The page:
I den ny udsendelserække på DR2 med Asmaa Abdol-Hamid fra enhedslisten og Adam Holm, en 36-årig ikke-troende, kritisk rationalist. Han er historiker og har skrevet en Ph.D. om højreradikalismen i Europa. Han har arbejdet som journalist [på Politiken selvfølgelig, MS] og anmelder i fem år og har beskæftiget sig indgående med den arabiske verden og Islam.” Jeg kan tilføje, at han har skrevet en bog med titlen “Det ny højre”. (Uriasposten)
Man begyndte med et interview med Karen Jespersen.
Man diskuterede manglen på demokrati i de muhammedanske lande, hvor den tørklædebefængte Asmaa fremhævede Indonesien som et demokratisk muslimsk land.
Her skal vi da så bringe eksempler fra det demokratiske muslimske land Indonesien; denne her er fra idag – så den er frisk:
Building houses of worship in Indonesia is becoming increasingly difficult for religious groups other than Muslim.
According to the new laws, which were supposed to make life easier, it is even more difficult to obtain a permit for building a house of worship.
To apply for a permit a congregation must have at least 90 members and what is even more important it must have a support from at least 60 members of “another” faith.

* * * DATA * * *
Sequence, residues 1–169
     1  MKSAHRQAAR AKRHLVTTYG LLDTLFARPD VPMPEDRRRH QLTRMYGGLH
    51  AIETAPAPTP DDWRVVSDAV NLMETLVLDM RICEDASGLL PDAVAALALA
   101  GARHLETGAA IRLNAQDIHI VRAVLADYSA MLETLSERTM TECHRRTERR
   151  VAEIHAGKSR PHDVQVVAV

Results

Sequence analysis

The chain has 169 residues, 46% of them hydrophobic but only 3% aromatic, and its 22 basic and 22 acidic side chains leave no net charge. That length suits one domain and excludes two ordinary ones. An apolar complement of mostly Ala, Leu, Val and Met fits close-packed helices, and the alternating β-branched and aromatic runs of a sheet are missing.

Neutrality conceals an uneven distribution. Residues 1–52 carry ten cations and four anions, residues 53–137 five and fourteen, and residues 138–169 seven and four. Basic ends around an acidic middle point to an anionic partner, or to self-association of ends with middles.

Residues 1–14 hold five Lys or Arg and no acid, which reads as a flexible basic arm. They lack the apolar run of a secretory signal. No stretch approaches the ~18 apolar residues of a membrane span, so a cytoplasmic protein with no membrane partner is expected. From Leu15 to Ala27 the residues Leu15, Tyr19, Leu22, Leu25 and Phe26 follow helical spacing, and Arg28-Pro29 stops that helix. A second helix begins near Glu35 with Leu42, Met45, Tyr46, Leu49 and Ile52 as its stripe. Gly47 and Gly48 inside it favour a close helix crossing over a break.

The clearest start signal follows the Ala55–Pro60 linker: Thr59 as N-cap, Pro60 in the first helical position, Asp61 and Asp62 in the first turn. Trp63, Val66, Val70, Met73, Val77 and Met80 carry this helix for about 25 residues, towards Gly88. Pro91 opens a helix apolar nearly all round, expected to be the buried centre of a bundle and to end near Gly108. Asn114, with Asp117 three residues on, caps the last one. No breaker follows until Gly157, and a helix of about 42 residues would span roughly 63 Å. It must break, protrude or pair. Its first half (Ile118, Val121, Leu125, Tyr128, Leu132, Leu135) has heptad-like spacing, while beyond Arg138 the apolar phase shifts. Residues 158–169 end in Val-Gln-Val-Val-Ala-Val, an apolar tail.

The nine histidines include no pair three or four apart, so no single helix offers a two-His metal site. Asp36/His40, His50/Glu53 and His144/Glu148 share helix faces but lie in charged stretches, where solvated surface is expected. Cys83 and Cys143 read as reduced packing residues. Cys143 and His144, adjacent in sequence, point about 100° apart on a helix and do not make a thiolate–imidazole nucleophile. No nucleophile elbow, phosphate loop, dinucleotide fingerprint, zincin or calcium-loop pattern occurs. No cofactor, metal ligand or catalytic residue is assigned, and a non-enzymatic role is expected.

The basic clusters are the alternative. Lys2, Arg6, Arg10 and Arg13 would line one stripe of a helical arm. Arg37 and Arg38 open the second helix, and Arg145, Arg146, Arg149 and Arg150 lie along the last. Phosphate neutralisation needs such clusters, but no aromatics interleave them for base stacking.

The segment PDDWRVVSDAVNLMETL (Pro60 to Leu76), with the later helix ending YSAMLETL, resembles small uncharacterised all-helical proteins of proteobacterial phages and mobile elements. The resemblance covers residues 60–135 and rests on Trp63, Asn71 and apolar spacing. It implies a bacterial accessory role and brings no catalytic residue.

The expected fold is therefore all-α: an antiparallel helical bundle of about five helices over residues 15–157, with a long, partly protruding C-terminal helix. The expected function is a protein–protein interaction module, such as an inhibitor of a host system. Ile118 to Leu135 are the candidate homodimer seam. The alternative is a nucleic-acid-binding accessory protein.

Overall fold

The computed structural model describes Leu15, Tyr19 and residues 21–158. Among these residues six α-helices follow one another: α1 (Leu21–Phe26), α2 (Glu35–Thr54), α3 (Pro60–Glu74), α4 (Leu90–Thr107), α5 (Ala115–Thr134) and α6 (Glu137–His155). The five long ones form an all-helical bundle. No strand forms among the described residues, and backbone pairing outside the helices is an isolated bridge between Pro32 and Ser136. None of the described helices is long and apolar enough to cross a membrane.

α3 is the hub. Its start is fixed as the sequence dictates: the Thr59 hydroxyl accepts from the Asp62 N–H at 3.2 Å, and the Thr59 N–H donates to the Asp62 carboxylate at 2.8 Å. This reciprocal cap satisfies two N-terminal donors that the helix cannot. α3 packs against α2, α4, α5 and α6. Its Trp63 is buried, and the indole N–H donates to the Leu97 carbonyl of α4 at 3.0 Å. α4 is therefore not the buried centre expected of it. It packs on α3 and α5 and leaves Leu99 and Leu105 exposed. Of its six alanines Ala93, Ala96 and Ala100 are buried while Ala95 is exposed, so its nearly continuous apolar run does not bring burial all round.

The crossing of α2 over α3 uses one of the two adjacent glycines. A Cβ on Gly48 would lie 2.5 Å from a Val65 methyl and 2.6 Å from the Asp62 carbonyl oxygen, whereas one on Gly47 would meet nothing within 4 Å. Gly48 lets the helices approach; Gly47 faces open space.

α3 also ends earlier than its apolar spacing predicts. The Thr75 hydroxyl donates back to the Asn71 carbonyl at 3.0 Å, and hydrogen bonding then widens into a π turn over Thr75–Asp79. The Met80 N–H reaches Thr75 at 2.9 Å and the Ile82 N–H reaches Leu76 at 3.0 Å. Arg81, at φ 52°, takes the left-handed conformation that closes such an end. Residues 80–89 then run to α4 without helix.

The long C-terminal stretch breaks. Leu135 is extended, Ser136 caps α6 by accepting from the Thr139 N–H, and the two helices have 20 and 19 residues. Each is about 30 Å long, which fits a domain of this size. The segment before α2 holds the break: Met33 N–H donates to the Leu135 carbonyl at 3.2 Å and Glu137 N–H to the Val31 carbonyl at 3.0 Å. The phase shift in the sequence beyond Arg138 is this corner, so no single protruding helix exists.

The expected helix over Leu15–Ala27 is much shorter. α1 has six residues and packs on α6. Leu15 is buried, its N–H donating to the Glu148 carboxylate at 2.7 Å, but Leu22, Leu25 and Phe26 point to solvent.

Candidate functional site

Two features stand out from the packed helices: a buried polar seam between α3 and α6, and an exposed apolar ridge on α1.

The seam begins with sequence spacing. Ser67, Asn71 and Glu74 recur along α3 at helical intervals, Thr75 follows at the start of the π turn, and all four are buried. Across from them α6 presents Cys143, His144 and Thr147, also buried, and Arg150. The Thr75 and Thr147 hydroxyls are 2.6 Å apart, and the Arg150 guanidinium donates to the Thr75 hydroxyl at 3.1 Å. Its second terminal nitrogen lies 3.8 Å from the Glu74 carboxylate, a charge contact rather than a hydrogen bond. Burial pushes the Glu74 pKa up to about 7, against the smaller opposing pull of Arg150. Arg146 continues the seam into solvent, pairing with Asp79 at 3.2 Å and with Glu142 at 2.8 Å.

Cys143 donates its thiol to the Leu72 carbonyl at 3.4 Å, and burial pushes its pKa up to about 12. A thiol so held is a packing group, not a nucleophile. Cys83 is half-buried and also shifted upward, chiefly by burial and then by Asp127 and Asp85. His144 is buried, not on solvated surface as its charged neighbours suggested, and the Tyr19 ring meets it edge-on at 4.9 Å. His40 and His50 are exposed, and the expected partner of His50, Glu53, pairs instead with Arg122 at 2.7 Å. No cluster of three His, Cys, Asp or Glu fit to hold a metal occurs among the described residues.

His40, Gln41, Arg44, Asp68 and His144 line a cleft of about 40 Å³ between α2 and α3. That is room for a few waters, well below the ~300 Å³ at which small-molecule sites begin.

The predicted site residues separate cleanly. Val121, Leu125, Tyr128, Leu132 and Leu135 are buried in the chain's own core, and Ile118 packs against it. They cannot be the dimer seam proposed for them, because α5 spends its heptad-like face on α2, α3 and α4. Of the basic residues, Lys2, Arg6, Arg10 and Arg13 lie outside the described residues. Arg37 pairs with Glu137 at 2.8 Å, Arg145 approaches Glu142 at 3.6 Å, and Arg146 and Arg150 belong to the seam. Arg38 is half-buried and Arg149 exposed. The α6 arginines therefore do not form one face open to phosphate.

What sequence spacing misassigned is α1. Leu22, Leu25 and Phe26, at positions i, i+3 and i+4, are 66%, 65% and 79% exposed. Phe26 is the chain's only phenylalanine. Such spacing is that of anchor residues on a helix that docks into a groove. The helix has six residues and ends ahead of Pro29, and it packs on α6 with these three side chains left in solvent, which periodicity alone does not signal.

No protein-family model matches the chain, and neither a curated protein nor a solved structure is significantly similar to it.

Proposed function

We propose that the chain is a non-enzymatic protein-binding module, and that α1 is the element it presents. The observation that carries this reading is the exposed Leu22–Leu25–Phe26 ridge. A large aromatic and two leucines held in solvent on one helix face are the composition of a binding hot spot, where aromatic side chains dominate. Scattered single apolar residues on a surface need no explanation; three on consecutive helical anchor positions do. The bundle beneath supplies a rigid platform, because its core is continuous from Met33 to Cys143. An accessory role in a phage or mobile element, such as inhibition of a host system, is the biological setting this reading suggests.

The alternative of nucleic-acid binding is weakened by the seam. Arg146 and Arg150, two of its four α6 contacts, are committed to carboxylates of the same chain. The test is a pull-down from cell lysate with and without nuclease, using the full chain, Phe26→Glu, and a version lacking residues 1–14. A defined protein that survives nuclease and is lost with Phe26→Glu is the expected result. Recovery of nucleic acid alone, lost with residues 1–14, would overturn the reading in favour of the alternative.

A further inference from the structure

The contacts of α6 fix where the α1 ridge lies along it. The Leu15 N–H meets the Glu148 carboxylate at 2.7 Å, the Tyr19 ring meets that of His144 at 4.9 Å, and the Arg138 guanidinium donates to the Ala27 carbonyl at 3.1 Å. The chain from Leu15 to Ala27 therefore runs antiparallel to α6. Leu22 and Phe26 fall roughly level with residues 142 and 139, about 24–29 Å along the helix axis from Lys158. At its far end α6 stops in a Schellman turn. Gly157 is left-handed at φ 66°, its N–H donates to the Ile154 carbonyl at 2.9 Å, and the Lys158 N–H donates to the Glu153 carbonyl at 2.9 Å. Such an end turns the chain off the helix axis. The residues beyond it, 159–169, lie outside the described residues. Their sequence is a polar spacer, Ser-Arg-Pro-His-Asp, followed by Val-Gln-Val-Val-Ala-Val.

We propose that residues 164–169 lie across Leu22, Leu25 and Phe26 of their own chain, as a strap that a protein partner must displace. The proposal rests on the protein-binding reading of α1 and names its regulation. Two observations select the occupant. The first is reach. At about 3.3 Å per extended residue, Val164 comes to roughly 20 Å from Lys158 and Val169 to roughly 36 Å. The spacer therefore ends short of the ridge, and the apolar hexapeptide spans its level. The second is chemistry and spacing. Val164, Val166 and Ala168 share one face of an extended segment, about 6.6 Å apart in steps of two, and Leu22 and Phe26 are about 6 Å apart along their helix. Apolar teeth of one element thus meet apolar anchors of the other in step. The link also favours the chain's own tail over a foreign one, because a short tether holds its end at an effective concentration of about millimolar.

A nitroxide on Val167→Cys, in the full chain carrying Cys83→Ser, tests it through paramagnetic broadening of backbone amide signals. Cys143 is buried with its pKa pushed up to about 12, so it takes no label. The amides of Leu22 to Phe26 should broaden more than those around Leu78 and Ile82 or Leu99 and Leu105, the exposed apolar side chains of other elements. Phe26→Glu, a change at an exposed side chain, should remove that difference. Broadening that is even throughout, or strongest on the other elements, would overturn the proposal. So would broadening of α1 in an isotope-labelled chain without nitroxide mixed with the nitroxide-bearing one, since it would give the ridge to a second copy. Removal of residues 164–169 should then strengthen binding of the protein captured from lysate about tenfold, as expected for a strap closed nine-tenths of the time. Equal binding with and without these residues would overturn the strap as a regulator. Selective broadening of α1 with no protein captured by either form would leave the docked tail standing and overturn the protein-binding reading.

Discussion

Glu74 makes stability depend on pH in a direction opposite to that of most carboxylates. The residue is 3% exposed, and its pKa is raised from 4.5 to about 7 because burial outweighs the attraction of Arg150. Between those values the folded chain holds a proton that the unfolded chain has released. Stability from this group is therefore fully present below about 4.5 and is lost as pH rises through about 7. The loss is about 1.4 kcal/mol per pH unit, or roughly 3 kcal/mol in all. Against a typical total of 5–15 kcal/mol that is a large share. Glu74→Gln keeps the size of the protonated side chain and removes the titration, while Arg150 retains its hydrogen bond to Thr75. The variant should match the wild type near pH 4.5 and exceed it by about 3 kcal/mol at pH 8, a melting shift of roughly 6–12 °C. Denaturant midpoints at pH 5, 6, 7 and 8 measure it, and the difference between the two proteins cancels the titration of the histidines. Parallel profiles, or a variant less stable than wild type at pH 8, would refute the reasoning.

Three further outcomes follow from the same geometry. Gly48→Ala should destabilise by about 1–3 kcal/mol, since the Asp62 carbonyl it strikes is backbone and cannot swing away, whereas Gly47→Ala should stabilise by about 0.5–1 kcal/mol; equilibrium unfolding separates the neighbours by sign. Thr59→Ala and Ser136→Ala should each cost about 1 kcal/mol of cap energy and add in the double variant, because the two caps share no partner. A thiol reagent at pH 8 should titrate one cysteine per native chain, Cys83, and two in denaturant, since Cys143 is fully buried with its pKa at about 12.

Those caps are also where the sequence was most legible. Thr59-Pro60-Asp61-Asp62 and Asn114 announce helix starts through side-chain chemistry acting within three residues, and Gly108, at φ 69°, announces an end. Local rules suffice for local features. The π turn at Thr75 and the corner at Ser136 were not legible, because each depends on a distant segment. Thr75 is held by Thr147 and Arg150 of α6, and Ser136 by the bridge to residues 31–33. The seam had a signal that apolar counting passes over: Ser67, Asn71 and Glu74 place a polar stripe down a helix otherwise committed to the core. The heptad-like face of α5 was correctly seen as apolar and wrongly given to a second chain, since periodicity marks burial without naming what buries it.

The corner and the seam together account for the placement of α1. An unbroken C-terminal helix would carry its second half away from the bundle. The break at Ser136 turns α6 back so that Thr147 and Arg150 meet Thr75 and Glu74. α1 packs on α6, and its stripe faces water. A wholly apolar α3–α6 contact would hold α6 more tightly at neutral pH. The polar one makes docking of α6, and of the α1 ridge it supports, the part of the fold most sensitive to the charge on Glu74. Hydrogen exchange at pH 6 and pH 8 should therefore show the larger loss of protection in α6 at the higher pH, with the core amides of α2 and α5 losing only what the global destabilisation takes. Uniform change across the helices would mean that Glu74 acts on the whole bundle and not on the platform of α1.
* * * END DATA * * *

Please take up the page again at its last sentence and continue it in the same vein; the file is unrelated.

The new decrees—Nos 8 and 9—“follow the principles of the 1969 decree and fail to provide the necessary conditions for harmonious inter-faith relations. They instead have the opposite effect”.
The 1969 Ministerial Decree required that each religious community get a local permit and the approval of local residents before it could build a place of worship. However, permits were hard to come by and Christians were generally forced to worship in semi clandestine places.
The new decrees were drafted following consultations with religious leaders, government officials and security forces. They uphold the old principles but clarify some of the requirements. For instance, they stipulate that a congregation can apply for a permit if it has at least 90 members and its demand is accepted by at least 60 members of another religious community.
Opposition to the new regulations has been voiced in parliament by 42 Catholic and Protestant lawmakers. Constantinus Ponggaw, a member of parliament with the Christian-based Prosperity and Peace Party, said at a press conference that “the new rules worry the faithful and run counter to the spirit of the 1945 constitution. They also breach minorities’ human rights”.
For mig at se, ser der noget dhimmi-agtigt ud i det Indonesiske ‘demokrati’.